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Wouldn’t life be more fun if charging bricks looked like tiny Macintosh computers?

Wouldn’t life be more fun if charging bricks looked like tiny Macintosh computers?

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A new crowdfunding campaign aims to offer exactly that

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The Retro 35 charger.
The Retro 35 charger.
Image: Shargeek / Indiegogo

Accessory-maker Shargeek has launched an Indiegogo to fund a 35W USB-C charger shaped like a tiny Apple Macintosh computer. The page for the Retro 35’s crowdfunding campaign is very careful not to mention the name of Apple’s classic computer, but it’s drawn some very obvious inspiration, from the beige color scheme down to the placement of the disk drive. The device is eventually set to retail for $49, with Indiegogo “early bird” pricing starting at $25. 

As increasing numbers of phone manufacturers have stopped shipping charging bricks with their devices, aftermarket chargers are becoming more popular. Often, these bricks offer additional ports or higher charging speeds compared to their first-party equivalents, but it’s fun to see Shargeek go in a different direction and focus on looks rather than specs. 

The Retro 35 alongside a range of devices it can charge.
The Retro 35 alongside a range of devices it can charge.
Image: Shargeek
Retro vibes.
Retro vibes.
Image: Shargeek

That said, all of Shargeek’s images of the Retro 35 show it being plugged into power strips laid flat on desks to ensure it’s the right way up. But I’d wager most chargers spend their time plugged into a wall outlet, which would force the charger to be laid sideways. It would still look pretty cute like this, but less ... aesthetic than Shargeek’s promotional images.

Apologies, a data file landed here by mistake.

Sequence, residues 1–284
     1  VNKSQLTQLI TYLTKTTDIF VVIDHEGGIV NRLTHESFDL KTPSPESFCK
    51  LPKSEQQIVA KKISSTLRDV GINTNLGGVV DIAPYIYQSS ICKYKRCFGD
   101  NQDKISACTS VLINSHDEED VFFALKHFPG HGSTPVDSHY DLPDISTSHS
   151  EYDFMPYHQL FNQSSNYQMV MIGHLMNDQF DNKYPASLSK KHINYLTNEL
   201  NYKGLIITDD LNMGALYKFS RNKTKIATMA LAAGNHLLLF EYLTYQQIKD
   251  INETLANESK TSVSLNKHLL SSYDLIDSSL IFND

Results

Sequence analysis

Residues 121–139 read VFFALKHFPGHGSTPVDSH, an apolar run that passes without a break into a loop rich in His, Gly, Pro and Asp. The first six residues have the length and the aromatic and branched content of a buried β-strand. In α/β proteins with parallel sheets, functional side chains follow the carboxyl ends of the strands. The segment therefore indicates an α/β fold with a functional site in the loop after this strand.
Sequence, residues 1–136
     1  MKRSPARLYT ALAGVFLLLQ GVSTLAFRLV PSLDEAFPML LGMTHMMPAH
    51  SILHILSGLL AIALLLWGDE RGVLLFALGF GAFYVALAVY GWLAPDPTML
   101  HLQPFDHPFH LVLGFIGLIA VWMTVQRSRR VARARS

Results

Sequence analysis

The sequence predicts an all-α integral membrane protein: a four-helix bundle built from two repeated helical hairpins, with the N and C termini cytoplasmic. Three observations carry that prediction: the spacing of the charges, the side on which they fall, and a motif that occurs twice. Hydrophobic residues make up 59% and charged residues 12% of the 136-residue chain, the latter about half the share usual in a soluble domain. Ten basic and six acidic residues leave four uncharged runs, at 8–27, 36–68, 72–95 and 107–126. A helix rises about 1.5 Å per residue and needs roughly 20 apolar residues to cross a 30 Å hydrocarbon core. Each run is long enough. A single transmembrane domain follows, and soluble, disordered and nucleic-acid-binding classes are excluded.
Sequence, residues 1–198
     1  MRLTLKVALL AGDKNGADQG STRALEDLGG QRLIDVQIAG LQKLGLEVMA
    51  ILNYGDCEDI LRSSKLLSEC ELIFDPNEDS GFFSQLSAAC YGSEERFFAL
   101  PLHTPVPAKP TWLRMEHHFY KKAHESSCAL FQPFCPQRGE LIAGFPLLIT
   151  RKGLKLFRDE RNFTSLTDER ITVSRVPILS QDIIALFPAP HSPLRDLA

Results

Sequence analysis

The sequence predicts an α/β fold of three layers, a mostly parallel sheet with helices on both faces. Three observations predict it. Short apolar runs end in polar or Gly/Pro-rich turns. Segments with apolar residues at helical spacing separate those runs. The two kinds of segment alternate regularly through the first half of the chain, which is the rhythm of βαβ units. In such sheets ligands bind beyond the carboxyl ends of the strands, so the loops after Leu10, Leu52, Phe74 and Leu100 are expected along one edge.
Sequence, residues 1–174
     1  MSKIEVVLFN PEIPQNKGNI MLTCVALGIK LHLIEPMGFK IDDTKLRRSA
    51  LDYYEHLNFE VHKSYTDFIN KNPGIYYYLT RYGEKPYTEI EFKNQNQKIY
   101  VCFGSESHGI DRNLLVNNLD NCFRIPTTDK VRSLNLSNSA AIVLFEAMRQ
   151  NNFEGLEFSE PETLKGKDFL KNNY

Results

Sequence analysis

In terms of specs, this is a 35W USB-C charger, which means it offers enough juice for smartphones, tablets, or lower-powered laptops like the M1 MacBook Air. It supports a range of charging protocols including PPS, PD3.0 and QC3.0, and its screen is designed to light up in different colors depending on how fast it’s charging your device. Yellow means “normal charging,” blue is “fast charging,” and green is “super charging,” though there’s no mention of which specific speeds these colors correspond to.

A note on crowdfunding:

Crowdfunding is a chaotic field by nature: companies looking for funding tend to make big promises. According to a study run by Kickstarter in 2015, roughly 1 in 10 “successful” products that reach their funding goals fail to actually deliver rewards. Of the ones that do deliver, delays, missed deadlines, or overpromised ideas mean that there’s often disappointment in store for those products that do get done.

The best defense is to use your best judgment. Ask yourself: does the product look legitimate? Is the company making outlandish claims? Is there a working prototype? Does the company mention existing plans to manufacture and ship finished products? Has it completed a Kickstarter before? And remember: you’re not necessarily buying a product when you back it on a crowdfunding site.

The Retro 35 comes with prongs for US sockets by default, but there are adapters to make it work with UK, Australian, and EU sockets. 

Apple’s original Macintosh was a design icon, and continues to inspire accessories to this day. A couple of years ago we saw Elago offer an Apple Watch charging stand in the shape of a Macintosh, which charged Apple’s smartwatch while repurposing its display as a “screen” for a miniature version of the 80s computer. 

Obviously, this is a crowdfunding campaign, so all the usual caveats apply. But this isn’t Shargeek’s first crack at selling charging accessories, after it previously put out the Storm 2 and Storm 2 Slim power banks. That means backing the new project isn’t a complete shot in the dark. Otherwise, Shargeek hopes to ship the new Retro 35 charger in July after the crowdfunding campaign closes.